PNG’s 2018 APEC hosting duties, notably including the APEC Leaders’ Summit, scheduled to take place in November 2018, have resulted in considerable infrastructure activity: hotels and roads are being constructed, retail space is coming on-line and transport facilities are being upgraded. The list of major developments includes Star Mountain Plaza, which is scheduled for completion in September 2018. The PGK1.5bn ($468.2m) mixed-use development is being constructed in three phases. The first phase is building the 212-room Hilton Hotel Port Moresby, which has two restaurants and the 4000-sq-metre Kutubu Convention Centre. The second phase will build a 19-storey, mixed-use structure, with three floors of retail premises and 16 residential floors. The third phase will involve the construction of another hotel, as well as retail and office space.
The new road infrastructure being built as part of the National Capital District’s Road Rehabilitation Project – comprising five bridges, a ring road and a road to the central meeting area of APEC Haus – is pivotal to linking new APEC developments, including the PGK120m ($37.5m) APEC Haus, which will be the main venue for the 2018 APEC Leaders’ Summit. It is being built on reclaimed land at Ela Beach in the shape of PNG’s unique lakatoi sail. The interior design will reflect the country’s traditional style, utilising shell, clay, timber and metal. The structure is being funded by a special infrastructure tax credit scheme to local oil and gas company Oil Search, capped at PGK170m ($53.1m). Prime Minister Peter O’Neill has said the venue will be transformed into a national exhibition centre with restaurants, a museum and a gallery after it has held the summit.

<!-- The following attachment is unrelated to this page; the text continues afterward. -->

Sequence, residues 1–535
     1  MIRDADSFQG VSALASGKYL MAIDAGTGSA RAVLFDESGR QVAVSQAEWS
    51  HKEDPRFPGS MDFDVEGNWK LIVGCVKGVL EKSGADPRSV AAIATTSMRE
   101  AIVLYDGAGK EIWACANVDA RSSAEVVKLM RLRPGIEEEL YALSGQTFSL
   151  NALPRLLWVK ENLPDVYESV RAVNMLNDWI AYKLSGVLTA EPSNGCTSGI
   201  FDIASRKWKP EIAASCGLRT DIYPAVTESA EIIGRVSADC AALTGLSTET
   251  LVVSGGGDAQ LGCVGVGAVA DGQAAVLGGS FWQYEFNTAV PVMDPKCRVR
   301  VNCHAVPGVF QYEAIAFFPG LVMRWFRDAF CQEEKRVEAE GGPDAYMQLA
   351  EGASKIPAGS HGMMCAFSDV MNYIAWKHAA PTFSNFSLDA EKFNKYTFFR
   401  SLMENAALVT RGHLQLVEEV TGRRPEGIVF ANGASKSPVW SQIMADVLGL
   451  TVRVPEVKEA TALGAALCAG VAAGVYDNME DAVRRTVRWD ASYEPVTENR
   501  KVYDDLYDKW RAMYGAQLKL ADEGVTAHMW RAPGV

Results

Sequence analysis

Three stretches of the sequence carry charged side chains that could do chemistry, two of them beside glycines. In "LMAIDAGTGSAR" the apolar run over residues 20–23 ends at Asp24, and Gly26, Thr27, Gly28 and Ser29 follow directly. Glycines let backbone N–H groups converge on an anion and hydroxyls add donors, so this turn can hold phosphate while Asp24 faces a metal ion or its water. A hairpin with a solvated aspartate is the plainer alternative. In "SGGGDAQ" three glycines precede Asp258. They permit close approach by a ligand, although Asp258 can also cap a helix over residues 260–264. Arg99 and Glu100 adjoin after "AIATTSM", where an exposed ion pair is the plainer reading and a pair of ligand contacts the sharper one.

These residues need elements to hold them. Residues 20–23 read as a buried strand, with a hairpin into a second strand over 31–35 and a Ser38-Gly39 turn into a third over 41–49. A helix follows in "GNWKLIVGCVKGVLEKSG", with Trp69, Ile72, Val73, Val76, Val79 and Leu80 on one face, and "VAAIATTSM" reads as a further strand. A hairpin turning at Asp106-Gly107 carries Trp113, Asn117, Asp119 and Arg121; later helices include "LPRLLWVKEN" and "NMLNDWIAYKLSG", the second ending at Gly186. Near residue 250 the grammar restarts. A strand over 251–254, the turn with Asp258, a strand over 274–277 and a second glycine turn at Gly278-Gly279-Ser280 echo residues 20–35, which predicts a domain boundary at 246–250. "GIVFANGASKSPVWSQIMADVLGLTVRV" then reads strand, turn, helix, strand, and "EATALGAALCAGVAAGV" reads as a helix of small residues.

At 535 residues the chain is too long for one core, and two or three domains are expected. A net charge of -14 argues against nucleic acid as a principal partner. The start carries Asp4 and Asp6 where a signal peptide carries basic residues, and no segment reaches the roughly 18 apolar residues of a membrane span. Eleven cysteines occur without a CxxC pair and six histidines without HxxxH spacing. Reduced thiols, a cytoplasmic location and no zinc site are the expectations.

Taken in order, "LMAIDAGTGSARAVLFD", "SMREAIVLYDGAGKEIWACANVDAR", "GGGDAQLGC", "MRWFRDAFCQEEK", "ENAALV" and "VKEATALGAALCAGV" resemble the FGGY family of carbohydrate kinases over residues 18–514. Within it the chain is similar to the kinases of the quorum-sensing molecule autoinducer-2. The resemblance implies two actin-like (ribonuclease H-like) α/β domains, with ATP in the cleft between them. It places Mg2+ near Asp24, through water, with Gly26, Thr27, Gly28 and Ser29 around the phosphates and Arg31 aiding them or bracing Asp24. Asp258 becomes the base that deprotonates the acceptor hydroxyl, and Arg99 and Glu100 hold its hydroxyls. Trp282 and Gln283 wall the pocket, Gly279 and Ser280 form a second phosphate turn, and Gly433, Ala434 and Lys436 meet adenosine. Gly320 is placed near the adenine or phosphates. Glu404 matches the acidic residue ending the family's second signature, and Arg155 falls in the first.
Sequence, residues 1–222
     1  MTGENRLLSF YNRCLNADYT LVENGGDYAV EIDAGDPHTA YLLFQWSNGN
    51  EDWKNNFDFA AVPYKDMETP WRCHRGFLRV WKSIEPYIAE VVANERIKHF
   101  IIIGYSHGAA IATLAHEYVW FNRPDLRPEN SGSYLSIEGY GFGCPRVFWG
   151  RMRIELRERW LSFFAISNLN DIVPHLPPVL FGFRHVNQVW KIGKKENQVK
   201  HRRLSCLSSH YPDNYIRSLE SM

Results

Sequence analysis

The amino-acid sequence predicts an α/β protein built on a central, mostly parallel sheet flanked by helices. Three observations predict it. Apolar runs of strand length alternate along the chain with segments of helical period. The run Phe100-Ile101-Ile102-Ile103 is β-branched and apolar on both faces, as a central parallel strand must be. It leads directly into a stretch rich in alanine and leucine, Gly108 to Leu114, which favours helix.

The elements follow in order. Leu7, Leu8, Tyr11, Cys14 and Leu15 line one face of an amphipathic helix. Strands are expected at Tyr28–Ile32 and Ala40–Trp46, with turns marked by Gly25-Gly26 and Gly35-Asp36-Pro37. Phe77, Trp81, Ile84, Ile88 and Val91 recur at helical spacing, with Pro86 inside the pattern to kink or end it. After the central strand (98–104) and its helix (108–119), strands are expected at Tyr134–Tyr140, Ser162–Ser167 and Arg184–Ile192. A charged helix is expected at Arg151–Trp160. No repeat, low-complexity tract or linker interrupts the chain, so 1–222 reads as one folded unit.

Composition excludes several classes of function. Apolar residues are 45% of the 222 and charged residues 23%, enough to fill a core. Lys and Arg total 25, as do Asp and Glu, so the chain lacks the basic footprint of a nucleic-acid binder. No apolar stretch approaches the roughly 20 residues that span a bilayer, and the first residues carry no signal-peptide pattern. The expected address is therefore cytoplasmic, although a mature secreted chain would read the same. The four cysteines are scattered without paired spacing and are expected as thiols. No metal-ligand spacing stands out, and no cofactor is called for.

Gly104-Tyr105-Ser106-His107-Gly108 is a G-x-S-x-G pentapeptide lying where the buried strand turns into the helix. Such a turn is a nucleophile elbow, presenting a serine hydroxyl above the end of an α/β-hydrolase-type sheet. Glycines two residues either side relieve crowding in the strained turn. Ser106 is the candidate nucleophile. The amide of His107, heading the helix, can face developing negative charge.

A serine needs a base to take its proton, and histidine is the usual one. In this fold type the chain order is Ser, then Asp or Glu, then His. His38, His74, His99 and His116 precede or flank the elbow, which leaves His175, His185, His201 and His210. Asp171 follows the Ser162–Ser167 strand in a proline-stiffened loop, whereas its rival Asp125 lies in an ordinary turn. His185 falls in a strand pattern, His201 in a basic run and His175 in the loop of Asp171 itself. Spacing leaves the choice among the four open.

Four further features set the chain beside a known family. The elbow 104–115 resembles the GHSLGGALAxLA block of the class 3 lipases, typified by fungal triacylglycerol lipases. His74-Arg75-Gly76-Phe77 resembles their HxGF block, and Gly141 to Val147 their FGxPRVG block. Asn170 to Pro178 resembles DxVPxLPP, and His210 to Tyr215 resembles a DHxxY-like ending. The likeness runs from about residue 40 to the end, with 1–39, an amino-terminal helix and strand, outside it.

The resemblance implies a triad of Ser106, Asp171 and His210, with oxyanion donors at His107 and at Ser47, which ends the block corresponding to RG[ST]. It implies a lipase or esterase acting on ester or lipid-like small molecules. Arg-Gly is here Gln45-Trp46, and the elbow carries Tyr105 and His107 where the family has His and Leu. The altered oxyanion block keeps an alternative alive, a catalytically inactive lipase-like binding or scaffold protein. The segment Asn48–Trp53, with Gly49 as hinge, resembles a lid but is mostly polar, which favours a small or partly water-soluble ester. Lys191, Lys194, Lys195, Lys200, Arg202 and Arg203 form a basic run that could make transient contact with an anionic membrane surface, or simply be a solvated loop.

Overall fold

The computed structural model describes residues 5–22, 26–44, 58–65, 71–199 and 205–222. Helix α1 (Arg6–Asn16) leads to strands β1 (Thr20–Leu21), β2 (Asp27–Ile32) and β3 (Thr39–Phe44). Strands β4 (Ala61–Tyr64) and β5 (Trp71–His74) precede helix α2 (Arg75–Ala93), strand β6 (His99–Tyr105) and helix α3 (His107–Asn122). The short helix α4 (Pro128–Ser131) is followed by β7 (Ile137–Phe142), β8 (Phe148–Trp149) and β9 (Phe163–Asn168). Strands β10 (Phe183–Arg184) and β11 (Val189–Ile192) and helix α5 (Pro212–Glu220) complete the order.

Such tax credit schemes have been used for rehabilitation projects in the past. For example, the Central Government Office, which was a gift from Australia for PNG’s independence in 1975, was abandoned for being unfit for occupation in 1998. After sitting unused for 20 years, the building was refurbished by Oil Search, using a tax credit scheme, and was reopened as Sir Manasupe Haus in 2016. It now serves as the prime minister’s office.
Housing is becoming a major segment for the country’s construction industry. In a 2017 survey from local property portal Hausples. com.pg, more than half of respondents said that they were interested in making a property purchase over the following 12 months (see Real Estate overview). As such, a number of large housing developments are under way to meet this anticipated demand.
Paga Hill Estate, for example, will offer 800 apartments, waterfront commercial and retail space, and a cruise terminal. The PGK3bn ($936.6m) development was formally approved in early 2017, though construction did not begin until the first quarter of 2018. It is being developed under an agreement between the Shenzhen Special Economic Zone Construction and Development Group, China Harbour Engineering Company and COVEC. However, the project continues to face resistance from residents who have been displaced by the development. Completion of the second stage of the Old Parliament House Tower will add to Port Moresby’s real estate offering as well, having twin residential towers, town houses, a shopping mall, parking spaces and outdoor leisure areas. Construction on the first stage of the development was finished in 2016, and the second stage is set to be completed in late 2018.
State support has boosted construction for the housing market significantly. The First Home Ownership Scheme (FHOS) and new rules allowing Papua New Guineans to tap their superannuation funds for home purchases have helped make purchasing property much more attainable for many people. Under the FHOS, Bank South Pacific offers mortgages at a fixed interest rate of 4% over a 40-year period. The programme has been under way since 2014, with the government allocating PGK200m ($62.4m) annually for its implementation. As such, the private home market is projected to expand quickly; Hausples. com.pg forecasts 5000-6000 new homes will hit the market in Port Moresby by mid-2019, and as many as 50,000 through to 2020. Included on the list of developments are 44,000 homes at Duran Farm, as well as smaller developments such as Mediterranean Apartments, Community Housing, Rainbow Heights, Koki Bay City and Touaguba Hill Paradise. EDAI Town, located north-west of Port Moresby, is expected to eventually house some 10,000 people once complete.